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Reviewed by:
  • Ashes
  • April Spisak
Bick, Ilsa J. Ashes. Egmont, 2011. [480p]. Trade ed. ISBN 978-1-60684-175-4 $17.99 E-book ed. ISBN 978-1-60684-231-7 $17.99 Reviewed from galleys R Gr. 9–12.

After an electromagnetic pulse destroys all electronic devices and billions of folks, the relative few remaining aren’t liking their odds. Apart from starvation, natural disasters, and marauding gangs of desperate survivors, there is also the fact that almost all of the young people are now turning into flesh-eating zombies. Bummer. Alex, Tom, and Ellie are three who, at first, escaped all of the possible hazards. Soon, however, Ellie is kidnapped for her bait potential—since children are rare, she’s valuable enough to get her abductors admitted to a safe haven. Tom ends up gravely injured, and Alex herself seems to have a range of options that are all actually worse than her life before the pulse (in which she was dying of a brain tumor, just to give some perspective). Readers seeking levity or happy endings are duly warned that this is a grim world and all of the paths are realistically horrific—there really are no quick saves or easy options after the end of the world as the characters know it. While it might have been more comforting had some survivors been heroes, it is to Bick’s credit that she sticks with her premise that epic, utter disaster would yield frightened, selfish, dangerous, and deranged individuals, and these are the folks with whom Alex, stubborn and brilliant and achingly relatable, must contend. The gorgeous (and disturbing cover) is sure to grab attention; an impeccable sci-fi/horror balance, quick pace, and risky storytelling all live up to the jacket’s promise.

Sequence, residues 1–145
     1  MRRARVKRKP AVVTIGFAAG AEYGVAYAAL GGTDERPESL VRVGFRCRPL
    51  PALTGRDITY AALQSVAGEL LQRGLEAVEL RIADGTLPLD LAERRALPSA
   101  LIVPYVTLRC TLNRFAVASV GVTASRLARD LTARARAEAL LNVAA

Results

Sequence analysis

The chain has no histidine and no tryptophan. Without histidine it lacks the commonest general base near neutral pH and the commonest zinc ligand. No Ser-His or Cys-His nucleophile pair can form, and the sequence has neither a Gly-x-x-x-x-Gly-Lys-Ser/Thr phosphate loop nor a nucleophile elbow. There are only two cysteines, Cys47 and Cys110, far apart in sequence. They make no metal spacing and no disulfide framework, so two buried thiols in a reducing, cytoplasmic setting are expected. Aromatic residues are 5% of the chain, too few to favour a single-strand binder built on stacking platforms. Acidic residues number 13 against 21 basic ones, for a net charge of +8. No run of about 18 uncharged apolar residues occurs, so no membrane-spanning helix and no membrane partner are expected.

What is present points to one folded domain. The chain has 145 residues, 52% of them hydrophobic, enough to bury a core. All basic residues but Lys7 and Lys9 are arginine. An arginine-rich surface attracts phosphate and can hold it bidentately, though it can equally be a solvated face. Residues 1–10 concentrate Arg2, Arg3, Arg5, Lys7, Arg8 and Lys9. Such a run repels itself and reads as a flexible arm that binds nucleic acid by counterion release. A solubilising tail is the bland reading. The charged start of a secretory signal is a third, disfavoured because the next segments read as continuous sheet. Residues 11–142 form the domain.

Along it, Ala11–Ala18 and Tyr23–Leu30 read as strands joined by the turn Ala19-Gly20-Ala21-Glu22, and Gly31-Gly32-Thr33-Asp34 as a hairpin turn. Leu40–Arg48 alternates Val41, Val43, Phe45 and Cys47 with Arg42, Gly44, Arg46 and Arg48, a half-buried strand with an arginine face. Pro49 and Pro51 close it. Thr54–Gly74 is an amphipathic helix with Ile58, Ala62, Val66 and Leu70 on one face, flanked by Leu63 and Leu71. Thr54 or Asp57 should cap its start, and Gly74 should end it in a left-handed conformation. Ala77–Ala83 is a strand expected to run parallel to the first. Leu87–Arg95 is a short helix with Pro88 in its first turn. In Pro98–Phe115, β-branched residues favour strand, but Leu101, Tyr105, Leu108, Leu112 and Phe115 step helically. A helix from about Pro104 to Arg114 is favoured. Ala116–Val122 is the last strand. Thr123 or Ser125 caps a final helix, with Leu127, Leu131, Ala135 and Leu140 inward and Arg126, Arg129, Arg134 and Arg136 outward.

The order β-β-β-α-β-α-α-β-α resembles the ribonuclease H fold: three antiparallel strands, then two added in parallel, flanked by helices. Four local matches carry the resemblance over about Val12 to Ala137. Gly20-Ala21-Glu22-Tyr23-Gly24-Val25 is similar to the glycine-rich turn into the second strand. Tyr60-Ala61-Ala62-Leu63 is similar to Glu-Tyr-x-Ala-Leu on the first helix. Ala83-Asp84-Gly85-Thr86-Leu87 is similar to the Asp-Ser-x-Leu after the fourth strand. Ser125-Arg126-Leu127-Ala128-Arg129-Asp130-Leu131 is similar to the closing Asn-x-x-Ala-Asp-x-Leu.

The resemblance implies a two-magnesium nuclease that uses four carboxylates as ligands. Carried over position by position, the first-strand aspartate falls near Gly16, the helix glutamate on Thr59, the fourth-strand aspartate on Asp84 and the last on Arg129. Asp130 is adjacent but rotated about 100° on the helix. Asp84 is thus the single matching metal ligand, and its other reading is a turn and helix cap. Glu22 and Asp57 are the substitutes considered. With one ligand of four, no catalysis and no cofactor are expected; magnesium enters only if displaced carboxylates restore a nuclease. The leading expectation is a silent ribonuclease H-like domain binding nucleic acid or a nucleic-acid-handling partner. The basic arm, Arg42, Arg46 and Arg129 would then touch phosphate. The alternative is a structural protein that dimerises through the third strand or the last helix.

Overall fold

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p. 71
Launched on MUSE
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